Some experts see empathy scores as a barometer of organizational and clinician wellness, although empathy training is no quick fix for burnout.
Like his colleagues across the country, Steven Strongwater, MD, the president and CEO of Atrius Health in Newton, Massachusetts, is working to mitigate burnout among the organization’s physicians and other medical employees. It’s a big organization — 825 physicians, more than 300 advanced-practice clinicians, and some 4,000 other employees working in 32 clinical locations.
One of Strongwater’s strategies: asking all staff members, including physicians, to participate in empathy training.
“It seems like a soft topic because everyone in health care, at least in theory, would be empathetic to start with,” he says. “But it turns out there are some very concrete things that people can do that convey to patients and their families that they are listening, and that they are being responsive to their concerns.”
Strongwater’s focus on empathy as a wellness tactic is grounded in research. Higher scores on the Jefferson Scale of Empathy are associated with lower scores on burnout assessments, says Mohammadreza Hojat, PhD, a research professor of psychiatry and human behavior with Sidney Kimmel Medical College at Thomas Jefferson University in Philadelphia, Pennsylvania.
In 2016, Atrius Health conducted 251 empathy forums throughout the organization. It was a huge effort, requiring 131 facilitators. More than 4,000 employees — 92 percent of the entire staff — participated in one of the 90-minute forums.
Subsequently, Atrius Health embedded a two-hour workshop on empathy into its new-employee and new-clinician orientation programs and developed empathy videos and online learning materials.
Formal training programs are among many approaches people and organizations are using to improve empathy levels. Others include intentionally organizing small groups of peers who can allow individuals to discuss the stresses of medical practice in a safe space, while encouraging mind-body practices like meditation or yoga.
Whatever the approach, two concepts must be recognized:
- There is no quick fix to the complex nest of factors behind physician burnout. “Embedding cultural shifts into an organization like this takes time and practice, so one intervention is not enough to make substantial lasting change,” Strongwater wrote in an NEJM Catalyst summary of Atrius Health empathy forums.
- Physicians cannot be blamed for — or expected to fix — burnout by improving their empathy level. “I can tell you that mindfulness meditation is a way to build empathy,” says Leonard Calabrese, DO, a Cleveland Clinic rheumatologist and empathy researcher. “But if you take a burned-out physician who is already overworked, told to see more patients faster and make their patients happier, and tell them to go meditate, they will be angry — and I would be, too.”
If an organization has an empathy deficit, organizational factors — electronic health record systems, documentation hassles, workload and others — should be prime suspects.
“I always say that any of these practices that buffer empathy might reduce your burnout score by maybe 10 percent,” Calabrese says. “That's good, but it's really a much more comprehensive treatment that is required, involving both personal change and institutional change.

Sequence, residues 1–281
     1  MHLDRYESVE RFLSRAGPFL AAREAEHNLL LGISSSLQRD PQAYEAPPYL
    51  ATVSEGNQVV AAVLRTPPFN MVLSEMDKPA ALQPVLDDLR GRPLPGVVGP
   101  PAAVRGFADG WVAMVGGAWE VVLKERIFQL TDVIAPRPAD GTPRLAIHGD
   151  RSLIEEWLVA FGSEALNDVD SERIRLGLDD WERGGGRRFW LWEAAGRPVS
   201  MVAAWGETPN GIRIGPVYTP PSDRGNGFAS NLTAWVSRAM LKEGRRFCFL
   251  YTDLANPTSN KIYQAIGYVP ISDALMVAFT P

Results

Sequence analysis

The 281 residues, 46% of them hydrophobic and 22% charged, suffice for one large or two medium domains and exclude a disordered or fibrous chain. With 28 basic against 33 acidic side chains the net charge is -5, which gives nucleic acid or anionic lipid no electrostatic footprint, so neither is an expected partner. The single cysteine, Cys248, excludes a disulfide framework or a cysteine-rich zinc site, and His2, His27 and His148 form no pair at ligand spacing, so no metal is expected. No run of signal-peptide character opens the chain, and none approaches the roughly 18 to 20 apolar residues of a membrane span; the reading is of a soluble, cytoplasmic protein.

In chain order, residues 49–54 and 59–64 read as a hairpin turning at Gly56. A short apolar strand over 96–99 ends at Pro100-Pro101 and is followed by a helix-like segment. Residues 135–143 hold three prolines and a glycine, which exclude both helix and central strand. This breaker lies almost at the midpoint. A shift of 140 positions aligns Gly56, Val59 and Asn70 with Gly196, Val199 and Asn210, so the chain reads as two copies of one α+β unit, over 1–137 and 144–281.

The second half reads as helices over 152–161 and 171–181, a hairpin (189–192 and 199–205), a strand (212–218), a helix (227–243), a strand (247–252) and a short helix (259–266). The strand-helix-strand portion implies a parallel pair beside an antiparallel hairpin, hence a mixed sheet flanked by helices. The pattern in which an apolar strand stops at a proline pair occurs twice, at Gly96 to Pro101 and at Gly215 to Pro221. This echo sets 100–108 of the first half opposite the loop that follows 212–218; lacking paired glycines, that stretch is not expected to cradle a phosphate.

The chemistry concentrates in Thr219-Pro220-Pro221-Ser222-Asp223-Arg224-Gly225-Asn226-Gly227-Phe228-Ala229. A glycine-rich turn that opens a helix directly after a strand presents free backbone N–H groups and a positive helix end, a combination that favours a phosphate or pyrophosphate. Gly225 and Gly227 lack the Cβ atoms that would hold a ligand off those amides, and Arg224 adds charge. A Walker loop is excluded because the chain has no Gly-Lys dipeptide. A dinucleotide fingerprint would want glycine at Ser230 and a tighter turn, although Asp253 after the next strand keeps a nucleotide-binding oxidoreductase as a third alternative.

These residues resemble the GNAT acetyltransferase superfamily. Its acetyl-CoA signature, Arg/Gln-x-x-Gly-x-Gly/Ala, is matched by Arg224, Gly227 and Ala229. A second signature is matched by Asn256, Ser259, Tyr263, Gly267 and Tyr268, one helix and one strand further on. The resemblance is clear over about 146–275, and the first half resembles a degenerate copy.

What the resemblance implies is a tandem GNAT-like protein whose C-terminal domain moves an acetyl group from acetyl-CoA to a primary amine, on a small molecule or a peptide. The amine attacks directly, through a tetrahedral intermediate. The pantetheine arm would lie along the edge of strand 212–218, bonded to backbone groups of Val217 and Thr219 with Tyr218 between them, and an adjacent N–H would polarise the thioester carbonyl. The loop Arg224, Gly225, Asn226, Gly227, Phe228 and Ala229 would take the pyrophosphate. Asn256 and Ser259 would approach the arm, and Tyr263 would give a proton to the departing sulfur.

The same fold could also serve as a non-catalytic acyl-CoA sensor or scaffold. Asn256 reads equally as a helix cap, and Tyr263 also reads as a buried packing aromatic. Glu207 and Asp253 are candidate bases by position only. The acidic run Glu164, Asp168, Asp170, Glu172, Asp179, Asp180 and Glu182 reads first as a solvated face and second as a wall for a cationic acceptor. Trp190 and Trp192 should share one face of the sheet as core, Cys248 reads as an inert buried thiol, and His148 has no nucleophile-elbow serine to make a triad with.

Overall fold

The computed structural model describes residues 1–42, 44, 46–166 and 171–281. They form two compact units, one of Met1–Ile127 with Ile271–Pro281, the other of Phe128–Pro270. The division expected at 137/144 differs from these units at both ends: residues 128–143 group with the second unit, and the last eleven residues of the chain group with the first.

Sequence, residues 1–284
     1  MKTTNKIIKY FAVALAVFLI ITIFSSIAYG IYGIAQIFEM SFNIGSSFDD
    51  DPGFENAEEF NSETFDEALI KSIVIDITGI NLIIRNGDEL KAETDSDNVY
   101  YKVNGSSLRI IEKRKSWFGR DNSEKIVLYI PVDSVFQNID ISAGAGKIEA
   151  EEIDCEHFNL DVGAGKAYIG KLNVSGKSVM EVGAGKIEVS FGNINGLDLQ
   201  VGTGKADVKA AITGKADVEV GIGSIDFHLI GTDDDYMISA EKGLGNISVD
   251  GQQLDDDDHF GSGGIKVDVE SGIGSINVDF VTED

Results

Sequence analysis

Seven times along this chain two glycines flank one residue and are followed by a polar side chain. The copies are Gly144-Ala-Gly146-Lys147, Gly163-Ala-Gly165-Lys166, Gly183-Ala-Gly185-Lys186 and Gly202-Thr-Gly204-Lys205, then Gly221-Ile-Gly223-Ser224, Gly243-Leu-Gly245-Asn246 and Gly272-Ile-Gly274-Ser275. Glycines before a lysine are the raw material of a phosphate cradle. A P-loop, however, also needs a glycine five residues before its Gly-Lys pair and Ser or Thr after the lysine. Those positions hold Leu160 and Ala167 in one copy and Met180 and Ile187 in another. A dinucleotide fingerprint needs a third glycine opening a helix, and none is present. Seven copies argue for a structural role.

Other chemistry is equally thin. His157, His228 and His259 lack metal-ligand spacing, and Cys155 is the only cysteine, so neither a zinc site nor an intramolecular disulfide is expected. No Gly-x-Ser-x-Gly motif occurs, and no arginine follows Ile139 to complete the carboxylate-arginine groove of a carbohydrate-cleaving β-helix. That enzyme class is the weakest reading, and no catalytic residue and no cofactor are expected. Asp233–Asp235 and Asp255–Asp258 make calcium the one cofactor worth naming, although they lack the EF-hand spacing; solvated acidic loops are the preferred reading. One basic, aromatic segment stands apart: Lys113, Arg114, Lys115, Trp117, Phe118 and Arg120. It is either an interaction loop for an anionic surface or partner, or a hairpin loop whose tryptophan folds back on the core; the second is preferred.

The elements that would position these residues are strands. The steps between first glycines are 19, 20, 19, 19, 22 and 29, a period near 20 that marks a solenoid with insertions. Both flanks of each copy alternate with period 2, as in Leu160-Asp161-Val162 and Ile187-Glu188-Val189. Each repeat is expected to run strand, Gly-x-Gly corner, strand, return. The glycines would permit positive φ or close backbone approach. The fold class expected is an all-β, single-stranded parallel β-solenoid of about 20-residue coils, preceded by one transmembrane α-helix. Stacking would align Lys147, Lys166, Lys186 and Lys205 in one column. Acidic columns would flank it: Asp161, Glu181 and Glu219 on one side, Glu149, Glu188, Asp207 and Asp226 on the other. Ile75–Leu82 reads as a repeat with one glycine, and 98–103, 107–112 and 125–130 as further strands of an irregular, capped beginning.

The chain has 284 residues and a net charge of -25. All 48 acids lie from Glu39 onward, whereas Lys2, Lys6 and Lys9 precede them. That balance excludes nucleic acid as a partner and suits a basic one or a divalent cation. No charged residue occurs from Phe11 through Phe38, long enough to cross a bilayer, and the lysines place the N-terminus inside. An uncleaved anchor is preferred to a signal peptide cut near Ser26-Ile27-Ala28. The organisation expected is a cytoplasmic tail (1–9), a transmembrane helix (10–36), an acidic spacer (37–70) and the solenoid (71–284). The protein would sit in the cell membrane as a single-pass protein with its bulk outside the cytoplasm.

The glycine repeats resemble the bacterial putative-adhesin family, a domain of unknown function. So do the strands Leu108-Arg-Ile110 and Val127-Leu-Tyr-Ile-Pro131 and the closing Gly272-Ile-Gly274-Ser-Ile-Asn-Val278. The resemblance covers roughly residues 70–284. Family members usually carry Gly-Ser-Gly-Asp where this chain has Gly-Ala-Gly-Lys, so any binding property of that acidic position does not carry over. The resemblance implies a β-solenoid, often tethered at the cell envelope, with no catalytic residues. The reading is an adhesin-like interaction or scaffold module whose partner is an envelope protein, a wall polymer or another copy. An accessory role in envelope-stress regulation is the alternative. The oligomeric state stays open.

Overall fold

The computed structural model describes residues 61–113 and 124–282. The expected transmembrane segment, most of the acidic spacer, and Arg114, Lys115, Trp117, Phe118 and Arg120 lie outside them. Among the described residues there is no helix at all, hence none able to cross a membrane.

Other insights from the experts:
Co-workers are people, too. Psychiatrist Helen Riess, MD, is co-founder and chief scientific officer of Empathetics, which provides empathy and interpersonal skills training for medical professionals. The curriculum is rooted in her belief that empathic skills need to be part of the fabric of an organization.
“It’s important for physician leaders to recognize that how professionals talk and treat one another is just as important as how they relate to patients,” says Riess, author of The Empathy Effect: Seven Neuroscience-Based Keys for Transforming the Way We Live, Love, Work and Connect Across Differences, to be published by year’s end.
Being empathetic might actually save time. Physicians often cite the lack of time as the primary cause for a decline in empathy. Riess’ training makes the case that being empathetic makes a physician more efficient. “Very few patients talk a long time, but doctors tend to interrupt patients within 18 seconds,” she says. “If they even listened for one minute, they would probably learn a whole lot more than cutting off the patient and starting to fire their own questions at them.”
She cites the example of a patient accepting a prescription order with no intention to get it filled. “Since the doctor didn't notice a disgusted look on the patient’s face, he may not disclose that the last time he took that medicine, he started vomiting,” Reiss says. “So, if you miss that, you haven't really saved any time. You've probably made sure a person isn't going to get better and is going to be back for another visit, which is really wasting your time.”
Empathy training is for everyone. Focusing empathy training only on individuals who have low scores is a bad idea, Riess says. “In the institutions that contract for our training just for people who are supposedly in need of remediation, we have noticed that it is seen as more of a punishment than an opportunity,” she says. “Everybody can improve — even people who are A can move to A-plus.”
Empathy scores can be seen as a barometer of organizational well-being, Calabrese says.
“It’s not ‘fix the empathy and we’ll fix the problem,’ ” he says. “You have to really take care of your people, believe it, act like it and provide institutional resources and space for individual self-care to foster this. If you have a healthy workforce, empathy will come forth naturally.”
Lola Butcher is a freelance health care journalist based in Missouri.